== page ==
Programme leader of Creative Music Technology at the University of Salford by day and producer/engineer whenever possible, Brendan Williams could not resist the challenge offered when an old recording room was unearthed in the recently vacated central Manchester ITV/Granada buildings. Seeing the huge potential in the forgotten space, he teamed up with Dan Parrott and Katie Popperwell to reinvented it as a new recording studio, they named Low Four.

The space comprises a large live room with a viewing gallery and a control booth, and has been equipped with an Audient ASP8024 mixing console to serve recording duties, as well as paying its part in a bespoke events and live TV-style streaming.

Low Four‘I had no idea that there had been such a high-spec, purpose-built music facility in Granada,’ confesses Williams, whose recent work includes releases from Gogo Penguin (Blue Note Records) and Dutch Uncles (Memphis Industries). Built in 1956, the facility was acoustically refurbished in 1979, and was where the orchestral music for the television series Jewel in the Crown and Brideshead Revisited was recorded.

By the 1990s the studio was decommissioned, and relegated to occasional green room for visiting artists, so sifting through the archaeology of half a century’s worth of wiring was a huge job. ‘One of the on-site electricians [who’d been employed previously by Granada Studios] joked about how new technology had been literally piled on top of old in some parts of the building – that seemed to be the case here too.’

Williams enlisted the help of university colleagues and students to asses the technology infrastructure. When partially removing the floor in the control room, they were met with ‘a writhing mass of audio and coaxial cables’.

‘Over time we’ve stripped pretty much everything out and established 12 more lines between the booth and the control room, and lines to the gallery for the Low Four TV shows,’ he reports. Today, Williams likens it to BBC’s Maida Vale studios.

Dan Parrott and Brendan Williams‘We are up and running,’ he announces. ‘Bringing in the ASP8024 has improved the workflow dramatically, so we’re in the process of putting everything we need on the bays in an intuitive fashion. This is happening stage by stage, so we can keep recording as we go. Currently the group outputs are normalised to the A/D inputs as you might expect for multitracking, but I’m going to play around with using the inserts as balanced direct outputs, as it will free the group faders for both the live to two-track mix and better workflow with the TV-style shows.’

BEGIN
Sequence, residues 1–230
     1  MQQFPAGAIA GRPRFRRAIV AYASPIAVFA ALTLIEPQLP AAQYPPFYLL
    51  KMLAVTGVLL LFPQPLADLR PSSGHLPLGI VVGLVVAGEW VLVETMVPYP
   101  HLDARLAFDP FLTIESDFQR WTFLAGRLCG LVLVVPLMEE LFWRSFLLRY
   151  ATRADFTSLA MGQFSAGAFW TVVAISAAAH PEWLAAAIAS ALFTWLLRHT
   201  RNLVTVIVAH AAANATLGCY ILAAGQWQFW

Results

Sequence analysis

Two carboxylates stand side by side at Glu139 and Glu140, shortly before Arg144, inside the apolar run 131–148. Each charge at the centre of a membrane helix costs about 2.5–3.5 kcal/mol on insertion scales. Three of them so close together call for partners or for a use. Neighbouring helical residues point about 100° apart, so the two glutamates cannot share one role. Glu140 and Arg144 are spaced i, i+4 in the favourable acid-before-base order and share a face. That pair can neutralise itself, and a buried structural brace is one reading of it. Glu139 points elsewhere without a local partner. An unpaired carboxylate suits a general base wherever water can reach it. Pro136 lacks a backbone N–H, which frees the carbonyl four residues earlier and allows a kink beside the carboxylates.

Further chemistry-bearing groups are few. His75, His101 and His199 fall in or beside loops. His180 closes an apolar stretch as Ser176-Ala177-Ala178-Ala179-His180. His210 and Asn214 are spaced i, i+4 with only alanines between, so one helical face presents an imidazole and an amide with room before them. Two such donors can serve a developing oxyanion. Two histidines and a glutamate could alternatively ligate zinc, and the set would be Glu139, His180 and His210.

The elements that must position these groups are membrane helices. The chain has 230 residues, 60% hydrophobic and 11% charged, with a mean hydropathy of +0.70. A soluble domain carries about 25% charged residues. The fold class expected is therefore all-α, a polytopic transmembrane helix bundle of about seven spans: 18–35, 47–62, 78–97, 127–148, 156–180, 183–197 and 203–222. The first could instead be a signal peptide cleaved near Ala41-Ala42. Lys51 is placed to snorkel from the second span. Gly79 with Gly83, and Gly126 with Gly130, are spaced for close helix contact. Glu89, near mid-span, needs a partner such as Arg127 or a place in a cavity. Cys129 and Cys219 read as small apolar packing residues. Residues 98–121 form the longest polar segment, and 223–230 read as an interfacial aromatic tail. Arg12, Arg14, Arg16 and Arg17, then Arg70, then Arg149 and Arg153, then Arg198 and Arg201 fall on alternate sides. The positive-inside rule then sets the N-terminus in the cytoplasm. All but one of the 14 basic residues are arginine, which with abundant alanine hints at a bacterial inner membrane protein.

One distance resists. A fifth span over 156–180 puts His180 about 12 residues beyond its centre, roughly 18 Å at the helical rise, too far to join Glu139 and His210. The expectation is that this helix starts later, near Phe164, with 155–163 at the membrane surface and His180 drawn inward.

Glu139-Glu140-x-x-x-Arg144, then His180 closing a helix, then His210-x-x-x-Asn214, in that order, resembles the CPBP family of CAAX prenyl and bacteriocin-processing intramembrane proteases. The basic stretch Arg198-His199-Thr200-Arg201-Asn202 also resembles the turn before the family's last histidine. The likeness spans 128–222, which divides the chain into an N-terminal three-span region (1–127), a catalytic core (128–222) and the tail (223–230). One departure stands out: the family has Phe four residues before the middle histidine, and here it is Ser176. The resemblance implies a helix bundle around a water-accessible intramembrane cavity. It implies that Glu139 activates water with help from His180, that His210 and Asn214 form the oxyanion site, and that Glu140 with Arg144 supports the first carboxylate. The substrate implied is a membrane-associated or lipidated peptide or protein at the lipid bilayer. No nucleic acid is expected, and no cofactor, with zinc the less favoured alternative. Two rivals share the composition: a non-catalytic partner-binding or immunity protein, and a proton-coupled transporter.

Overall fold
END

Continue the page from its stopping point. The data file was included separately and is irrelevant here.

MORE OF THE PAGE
No stranger to Audient, Williams has taught a generation of music tech students using the British consoles for more than ten years at the University of Salford. ‘What I really value is the way that they are laid out physically,’ he offers. ‘Both from a user and educator’s point of view, they’re really intuitive and uncluttered. The preamps are great and the EQ is really musical. If budgets allow I prefer to mix in stems and sum in the analogue domain, the ASP works really well in this context.

‘It’s great to have so many auxes too, invaluable when you’re dealing with multiple headphone mixes and real-time effects processing and re-amping. The stereo bus doesn’t impart a huge amount of character on the mix, which I like; I prefer a clean “open-sounding” board, which accurately reflects the processing I’m doing in the analogue or digital domain.

‘It’s about workflow really,’ he adds. ‘You can make great sounding recordings with a small amount of – relatively affordable – gear these days but sometimes you want to have a lot of instruments permanently set up, so that over the course of a big project you can flit around as the mood takes you. For this you need lots of channels, flexible routing and lots of auxiliaries.

Low Four

‘The ASP8024’s centre section is also really useful in the context of the live shows,’ he xontinues. ‘I need to be able to listen to different sets of speakers or alt inputs and to be able to send the stereo mix to multiple sources. The ergonomics are also really important; when you know a board well it’s undeniably a faster way to work in a high-pressure situation.’

Along with the ASP8024 console, Low Four runs Adam P22a and NS10m monitors, with AD/DA is handled by a pair of UAD Apollo units, which are chained using UAD Apollo Expanded over Thunderbolt 2 to provide It's 24 inputs and 26 outputs.

‘In addition to the preamps on the Audient, I have eight CAPI VP26 preamps,’ says Low Four’s Brendan Williams. ‘I don't run loads of outboard, but I have some Lindel compressors, old digital verbs, which I use a lot – SPX90 and Lexicon PCM80. I also use a SSL G Series Bus Compressor clone on the stereo bus for the live shows, which a local tech built for me. He’s also putting some Sure Level Loc clones together for us in the near future. I've also got an EMT 240 plate at the moment, on loan from another guy in the building. I like analogue delays; we have an Echopet BBD and I use an MXR Carbon Copy (along with other guitar pedals), re-amped from an aux.

There are also plans for an educational partnership between Low Four and the University of Salford: ‘It’s early days but we’ve been working very closely with current and recently graduated students to produce the shows and run some of the recording sessions, the students are invaluable to the project. I’d like to be bringing in groups of students more formally as the project progresses.’

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